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Ward v. Leclaire

UNITED STATES DISTRICT COURT NORTHERN DISTRICT OF NEW YORK


April 17, 2008

KENNETH WARD, PLAINTIFF,
v.
LUCIEN LECLAIRE, JR., ET AL., DEFENDANTS.

The opinion of the court was delivered by: Randolph F. Treece, U. S. Magistrate Judge

ORDER

Pro se Plaintiff Kenneth Ward brought this civil rights action, pursuant to 42 U.S.C. § 1983, alleging Defendants violated his constitutional rights. Dkt. No. 1, Compl. According to his Amended Complaint, Ward complains that Defendants, individually and/or collectively, either exposed or allowed him to be exposed to high levels of environmental tobacco smoke (ETS), which had (and continue to have) detrimental effects on his health. Dkt. No. 64, Am. Compl., at ¶¶ 6-43. Ward also claims that several Defendants have denied him proper medical treatment for his deteriorating health as retaliation for bringing the present lawsuit. Id. Familiarity with the facts and procedure of this case is presumed.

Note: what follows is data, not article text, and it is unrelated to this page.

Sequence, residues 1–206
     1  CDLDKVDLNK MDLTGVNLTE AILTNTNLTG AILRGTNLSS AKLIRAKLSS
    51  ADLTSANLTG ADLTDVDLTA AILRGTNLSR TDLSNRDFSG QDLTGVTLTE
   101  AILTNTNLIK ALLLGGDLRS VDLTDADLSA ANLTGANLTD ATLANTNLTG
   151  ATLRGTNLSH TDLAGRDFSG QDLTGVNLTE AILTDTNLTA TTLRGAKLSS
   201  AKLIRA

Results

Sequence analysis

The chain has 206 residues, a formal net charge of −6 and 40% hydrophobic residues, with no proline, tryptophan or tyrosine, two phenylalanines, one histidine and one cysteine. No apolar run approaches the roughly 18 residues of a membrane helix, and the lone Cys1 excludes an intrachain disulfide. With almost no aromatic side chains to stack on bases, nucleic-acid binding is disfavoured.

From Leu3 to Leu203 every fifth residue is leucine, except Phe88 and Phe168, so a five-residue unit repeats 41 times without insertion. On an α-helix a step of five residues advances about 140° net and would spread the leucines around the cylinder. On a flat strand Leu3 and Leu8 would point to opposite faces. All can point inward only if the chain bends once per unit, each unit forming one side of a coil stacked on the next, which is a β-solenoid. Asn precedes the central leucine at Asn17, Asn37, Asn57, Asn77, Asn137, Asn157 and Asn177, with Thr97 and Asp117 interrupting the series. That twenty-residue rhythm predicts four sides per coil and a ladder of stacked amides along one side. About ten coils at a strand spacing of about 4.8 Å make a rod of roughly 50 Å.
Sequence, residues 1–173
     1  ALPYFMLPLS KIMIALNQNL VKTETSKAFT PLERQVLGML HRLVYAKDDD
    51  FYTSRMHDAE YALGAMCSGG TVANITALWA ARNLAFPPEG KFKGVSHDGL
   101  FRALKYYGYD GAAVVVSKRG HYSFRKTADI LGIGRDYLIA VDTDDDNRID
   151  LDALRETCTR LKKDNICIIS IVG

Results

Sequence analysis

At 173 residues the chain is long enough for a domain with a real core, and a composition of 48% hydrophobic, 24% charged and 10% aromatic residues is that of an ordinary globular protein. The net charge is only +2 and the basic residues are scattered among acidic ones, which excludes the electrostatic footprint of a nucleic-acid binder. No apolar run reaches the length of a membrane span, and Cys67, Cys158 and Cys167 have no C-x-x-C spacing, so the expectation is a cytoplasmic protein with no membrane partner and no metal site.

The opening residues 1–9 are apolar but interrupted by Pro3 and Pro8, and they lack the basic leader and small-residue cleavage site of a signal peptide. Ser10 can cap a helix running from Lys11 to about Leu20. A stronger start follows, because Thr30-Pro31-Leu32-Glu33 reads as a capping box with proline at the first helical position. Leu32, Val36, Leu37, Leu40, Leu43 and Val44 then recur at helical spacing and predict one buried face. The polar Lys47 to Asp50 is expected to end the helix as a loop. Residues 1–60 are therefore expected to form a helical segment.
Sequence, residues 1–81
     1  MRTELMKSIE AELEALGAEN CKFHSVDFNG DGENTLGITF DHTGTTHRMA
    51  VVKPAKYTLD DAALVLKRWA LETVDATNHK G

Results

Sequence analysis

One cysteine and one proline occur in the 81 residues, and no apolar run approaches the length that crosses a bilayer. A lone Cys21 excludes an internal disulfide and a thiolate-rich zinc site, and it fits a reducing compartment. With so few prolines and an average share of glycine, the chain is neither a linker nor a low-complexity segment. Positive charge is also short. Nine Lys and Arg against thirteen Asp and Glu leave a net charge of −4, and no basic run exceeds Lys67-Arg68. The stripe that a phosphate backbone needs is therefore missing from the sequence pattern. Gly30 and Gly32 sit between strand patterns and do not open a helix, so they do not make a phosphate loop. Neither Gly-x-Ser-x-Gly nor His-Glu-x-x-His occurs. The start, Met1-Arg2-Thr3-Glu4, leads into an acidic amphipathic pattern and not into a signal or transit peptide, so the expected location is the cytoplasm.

Presently before the Court is Ward's Motion for Reconsideration (Dkt. No. 66) of this Court's January 15, 2008 Order, which addressed several of Plaintiff's non-dispositive Motions including, 1) Motion to Compel Discovery (Dkt. No. 49); 2) Motion to Vacate the Notice of Deposition (Dkt. No. 49); 3) Motion for a Court Conference; (Dkt. No. 49); and 4) Motion to Amend (Dkt. No. 51). All but the latter were denied. Dkt. No. 62. Ward asserts that reconsideration of the Court's January Order is warranted under Federal Rule of Civil Procedure 60(b) due to newly discovered evidence and/or changed circumstances, namely, his release from incarceration. Dkt. No. 66-2, Kenneth Ward Affirm., dated Feb. 1, 2008, at ¶ 6. He further seeks extensions of various scheduling deadlines as "just and equitable relief." Id. at ¶¶ 16-17. Defendants oppose Plaintiff's Motion for Reconsideration. Dkt. No. 67.